Following an informal conference in Melbourne in , all the Australian colonies and also New Zealand sent delegates to a convention in Sydney in March It was chaired by Parkes. However, the colonial legislatures were slow to adopt it and, in particular, there was strong opposition in New South Wales. In popular support for federation began to grow, with the formation of federation leagues in most colonies and a conference of leagues in Corowa in New South Wales.

In the premiers agreed that another convention should be held, with the delegates directly chosen by the electors. There were 50 delegates and only Queensland was not represented. There were majorities in each colony, but only a slim one in New South Wales, where leading politicians such as George Reid remained half-hearted.

In January the premiers made some amendments, mainly at the instigation of New South Wales, and new referenda were held in every colony apart from Western Australia. The negotiations resulted in a few slight amendments and the Constitution Bill was then passed by the British Parliament. Queen Victoria gave her assent on 9 July In the same month a referendum was held in Western Australia and the federationists were victorious. A proclamation was signed by the Queen on 17 September declaring that on 1 January the six colonies would be united under the name of Commonwealth of Australia.

The National Library owes its existence to Federation and from the beginning it set out to document the Federation movement. In it announced that it was seeking complete records of Federation from every possible source. The first substantial manuscript collection acquired by the Library was the archives of the Australasian Federation League of New South Wales, purchased from Edward Dowling in The Federation papers of Sir Edmund Barton were donated by his family in , while the papers of Alfred Deakin were presented by his daughter in The National Library holds the most comprehensive collection of original records of the Federation movement.

They range from official correspondence and working papers of the Federal Conventions and committees to private letters, diaries, and an assortment of printed ephemera associated with the Conventions and the Commonwealth celebrations in The following are the principal collections held by the Library. They comprise correspondence , letterbooks, minutebooks , financial records, subject files, reports, handbills, pamphlets and a manuscript by Dowling.

The papers include correspondence with political leaders in Australia and Britain, speeches, many drafts of the Commonwealth Constitution Bill, and newspaper cuttings. They consist of letters and telegrams concerning his unsuccessful attempt to form the first Commonwealth Government in December The papers include letters on the Federal campaign, including agitation in favour of Federation on the Western Australian goldfields.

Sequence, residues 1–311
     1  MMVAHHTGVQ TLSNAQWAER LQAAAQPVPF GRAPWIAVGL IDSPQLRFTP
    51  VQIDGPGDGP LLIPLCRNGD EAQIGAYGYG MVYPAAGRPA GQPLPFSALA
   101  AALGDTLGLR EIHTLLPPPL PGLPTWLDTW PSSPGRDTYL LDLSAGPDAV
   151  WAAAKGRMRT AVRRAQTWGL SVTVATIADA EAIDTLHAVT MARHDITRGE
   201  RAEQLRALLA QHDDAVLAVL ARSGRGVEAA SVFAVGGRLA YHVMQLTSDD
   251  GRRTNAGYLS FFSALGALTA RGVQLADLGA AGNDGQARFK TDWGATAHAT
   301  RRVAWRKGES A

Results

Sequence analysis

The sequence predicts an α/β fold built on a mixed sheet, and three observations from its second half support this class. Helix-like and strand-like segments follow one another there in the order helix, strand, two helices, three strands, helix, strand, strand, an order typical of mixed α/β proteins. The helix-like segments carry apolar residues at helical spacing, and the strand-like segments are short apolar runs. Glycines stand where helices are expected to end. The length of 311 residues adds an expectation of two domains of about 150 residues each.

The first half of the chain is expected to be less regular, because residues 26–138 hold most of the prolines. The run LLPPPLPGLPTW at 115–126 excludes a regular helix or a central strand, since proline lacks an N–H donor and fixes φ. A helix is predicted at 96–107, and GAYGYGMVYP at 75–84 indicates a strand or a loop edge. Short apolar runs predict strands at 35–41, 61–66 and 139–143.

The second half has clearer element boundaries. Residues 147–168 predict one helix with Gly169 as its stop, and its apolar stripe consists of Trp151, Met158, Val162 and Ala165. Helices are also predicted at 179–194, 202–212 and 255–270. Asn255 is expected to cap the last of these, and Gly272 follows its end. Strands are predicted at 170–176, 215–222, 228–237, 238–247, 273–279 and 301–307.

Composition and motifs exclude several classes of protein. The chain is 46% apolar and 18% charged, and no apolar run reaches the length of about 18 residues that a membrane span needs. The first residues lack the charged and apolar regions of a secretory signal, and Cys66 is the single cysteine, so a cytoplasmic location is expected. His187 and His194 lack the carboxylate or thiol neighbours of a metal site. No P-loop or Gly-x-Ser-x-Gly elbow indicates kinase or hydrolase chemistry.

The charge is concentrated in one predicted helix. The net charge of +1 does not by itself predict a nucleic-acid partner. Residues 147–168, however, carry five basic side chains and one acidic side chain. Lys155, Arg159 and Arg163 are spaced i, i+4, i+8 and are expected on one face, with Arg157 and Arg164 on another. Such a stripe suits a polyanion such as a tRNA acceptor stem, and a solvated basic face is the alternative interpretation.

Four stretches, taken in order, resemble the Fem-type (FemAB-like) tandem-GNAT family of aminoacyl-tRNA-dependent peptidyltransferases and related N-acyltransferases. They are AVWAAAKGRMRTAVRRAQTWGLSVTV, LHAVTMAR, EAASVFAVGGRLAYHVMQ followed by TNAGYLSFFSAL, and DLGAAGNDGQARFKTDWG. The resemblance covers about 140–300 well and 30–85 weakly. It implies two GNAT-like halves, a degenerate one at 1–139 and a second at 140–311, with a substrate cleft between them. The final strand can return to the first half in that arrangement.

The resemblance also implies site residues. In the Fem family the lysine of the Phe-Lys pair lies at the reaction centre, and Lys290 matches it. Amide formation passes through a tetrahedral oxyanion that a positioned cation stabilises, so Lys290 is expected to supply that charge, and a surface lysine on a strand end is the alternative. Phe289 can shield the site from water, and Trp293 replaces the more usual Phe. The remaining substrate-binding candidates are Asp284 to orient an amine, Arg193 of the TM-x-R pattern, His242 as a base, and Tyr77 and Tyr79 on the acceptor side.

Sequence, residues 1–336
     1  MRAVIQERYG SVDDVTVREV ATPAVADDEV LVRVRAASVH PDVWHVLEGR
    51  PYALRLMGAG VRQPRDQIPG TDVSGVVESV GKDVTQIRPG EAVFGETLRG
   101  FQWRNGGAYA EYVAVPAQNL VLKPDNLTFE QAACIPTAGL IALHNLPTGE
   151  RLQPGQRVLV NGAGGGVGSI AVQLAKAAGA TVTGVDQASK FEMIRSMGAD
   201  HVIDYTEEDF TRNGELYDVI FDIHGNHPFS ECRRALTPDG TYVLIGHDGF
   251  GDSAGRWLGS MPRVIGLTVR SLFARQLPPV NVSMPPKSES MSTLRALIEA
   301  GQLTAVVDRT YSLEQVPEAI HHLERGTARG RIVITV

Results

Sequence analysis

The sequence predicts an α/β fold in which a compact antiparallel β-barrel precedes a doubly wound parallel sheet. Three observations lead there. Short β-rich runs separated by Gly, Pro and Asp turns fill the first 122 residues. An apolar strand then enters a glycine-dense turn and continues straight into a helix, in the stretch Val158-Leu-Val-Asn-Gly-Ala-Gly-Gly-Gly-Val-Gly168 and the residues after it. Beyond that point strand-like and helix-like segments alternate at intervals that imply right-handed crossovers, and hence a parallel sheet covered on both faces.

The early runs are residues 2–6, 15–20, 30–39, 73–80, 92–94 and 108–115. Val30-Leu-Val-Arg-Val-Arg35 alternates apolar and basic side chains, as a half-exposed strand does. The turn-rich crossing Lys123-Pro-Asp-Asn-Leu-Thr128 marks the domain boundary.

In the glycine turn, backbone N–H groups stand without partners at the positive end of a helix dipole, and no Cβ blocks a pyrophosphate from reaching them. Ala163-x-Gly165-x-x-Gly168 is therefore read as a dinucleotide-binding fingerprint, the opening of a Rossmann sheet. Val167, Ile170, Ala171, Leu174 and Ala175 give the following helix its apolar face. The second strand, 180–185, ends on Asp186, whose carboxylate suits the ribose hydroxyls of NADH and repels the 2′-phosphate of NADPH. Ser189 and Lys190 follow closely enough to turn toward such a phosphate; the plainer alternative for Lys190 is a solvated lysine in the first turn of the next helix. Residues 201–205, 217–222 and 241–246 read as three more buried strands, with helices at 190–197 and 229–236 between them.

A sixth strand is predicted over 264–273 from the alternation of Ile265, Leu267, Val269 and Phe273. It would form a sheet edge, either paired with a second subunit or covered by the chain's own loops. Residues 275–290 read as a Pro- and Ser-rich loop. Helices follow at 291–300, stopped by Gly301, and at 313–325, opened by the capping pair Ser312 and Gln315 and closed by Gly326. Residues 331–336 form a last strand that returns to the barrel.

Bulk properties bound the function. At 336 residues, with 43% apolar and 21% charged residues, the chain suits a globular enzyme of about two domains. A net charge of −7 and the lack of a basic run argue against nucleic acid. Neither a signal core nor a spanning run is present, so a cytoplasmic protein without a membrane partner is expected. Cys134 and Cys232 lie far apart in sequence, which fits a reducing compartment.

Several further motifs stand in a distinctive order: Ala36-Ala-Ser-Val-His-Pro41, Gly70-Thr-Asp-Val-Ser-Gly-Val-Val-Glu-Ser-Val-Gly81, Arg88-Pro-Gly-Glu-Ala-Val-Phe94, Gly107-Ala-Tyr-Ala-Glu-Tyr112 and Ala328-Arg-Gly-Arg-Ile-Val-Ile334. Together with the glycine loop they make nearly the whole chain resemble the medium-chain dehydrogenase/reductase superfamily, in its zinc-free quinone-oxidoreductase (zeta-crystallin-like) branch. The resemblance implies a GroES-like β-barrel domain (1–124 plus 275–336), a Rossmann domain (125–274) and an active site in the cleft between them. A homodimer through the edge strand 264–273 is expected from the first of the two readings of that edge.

They include letters of Deakin, Barton, Wise and other leaders of the Federal campaign. They consist largely of printed ephemera such as programs, menus, invitations, tickets and speeches, mostly in relation to the Commonwealth celebrations in Papers of J.

Holmes, lawyer, judge and bibliographer. The papers include a bibliography of Federation, The papers include many letters of Lady Tennyson referring to Federation. Papers copies of Christopher Crisp, Victorian journalist. The papers consist of correspondence with Deakin and other leaders of the Federal movement.

Papers of H. Higgins, Victorian parliamentarian and delegate to the Federal Convention. The papers include correspondence and newspaper cuttings of the Federation period. Papers of Alfred Deakin, Victorian parliamentarian and delegate to all the Federal conferences and Conventions, They include an extensive correspondence, diaries, notebooks, notes for speeches, drafts of the Commonwealth Constitution Bill, printed ephemera relating to the federal Conventions, newspaper cuttings and the manuscript of The Federal Story.

Papers of B. They comprise notes and letters of Andrew Inglis Clark. Among the papers are correspondence with political leaders, Convention documents and newspaper cuttings. They include notes and speeches on the federal campaign and a volume of documents relating to the Convention. They consist of menus, invitations and other printed ephemera. They include annotated drafts of the Commonwealth Constitution Bill. They include diaries, notebooks, speeches and cutting books.

Papers of L. Crisp, political scientist and author of Federation fathers They include correspondence and the manuscripts of his Federation monographs They include correspondence, copies of documents and research material on Deakin and the Federal movement. Papers of R. Joyce, historian and author of Samuel Walker Griffith They include correspondence, copies of original documents, research material and drafts on Sir William Griffith.

Papers of F. Crowley, historian and author of Big John Forrest The Australian Joint Copying Project microfilmed Colonial Office records documenting the British response to the Federation movement, including the negotiations between the Australian delegates and the British Government in In addition, it filmed personal papers of several ministers and governors who took an interest in Federation. The Library holds the music scores of a substantial number of patriotic songs which were written in support of Federation and to celebrate the inauguration of the Commonwealth.

The following are some examples. Adney, Marcus L. Australia: Australian national anthem , Burn, John C. Chanter, Arthur, Australians all: national song and anthem , De Giorgio, V. Landseer, Laura, Federation waltz , McBurney, S. McCormick, P. Nicholson, John H. Ricketts, Thomas A. Taylor, Toso, United Australia: national song and chorus , c.